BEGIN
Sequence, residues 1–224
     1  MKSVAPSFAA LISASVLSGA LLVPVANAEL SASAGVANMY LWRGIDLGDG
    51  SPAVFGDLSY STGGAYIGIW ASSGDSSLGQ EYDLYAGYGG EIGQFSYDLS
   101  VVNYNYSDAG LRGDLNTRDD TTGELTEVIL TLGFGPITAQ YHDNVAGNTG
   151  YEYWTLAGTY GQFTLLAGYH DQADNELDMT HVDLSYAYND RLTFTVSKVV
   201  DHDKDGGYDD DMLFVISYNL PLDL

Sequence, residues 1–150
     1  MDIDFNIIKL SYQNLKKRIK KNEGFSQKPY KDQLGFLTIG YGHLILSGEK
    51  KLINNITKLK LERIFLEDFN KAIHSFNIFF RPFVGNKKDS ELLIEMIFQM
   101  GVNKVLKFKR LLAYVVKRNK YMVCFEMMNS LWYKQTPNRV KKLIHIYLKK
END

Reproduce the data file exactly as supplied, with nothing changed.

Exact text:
Sequence, residues 1–224
     1  MKSVAPSFAA LISASVLSGA LLVPVANAEL SASAGVANMY LWRGIDLGDG
    51  SPAVFGDLSY STGGAYIGIW ASSGDSSLGQ EYDLYAGYGG EIGQFSYDLS
   101  VVNYNYSDAG LRGDLNTRDD TTGELTEVIL TLGFGPITAQ YHDNVAGNTG
   151  YEYWTLAGTY GQFTLLAGYH DQADNELDMT HVDLSYAYND RLTFTVSKVV
   201  DHDKDGGYDD DMLFVISYNL PLDL

Sequence, residues 1–150
     1  MDIDFNIIKL SYQNLKKRIK KNEGFSQKPY KDQLGFLTIG YGHLILSGEK
    51  KLINNITKLK LERIFLEDFN KAIHSFNIFF RPFVGNKKDS ELLIEMIFQM
   101  GVNKVLKFKR LLAYVVKRNK YMVCFEMMNS LWYKQTPNRV KKLIHIYLKK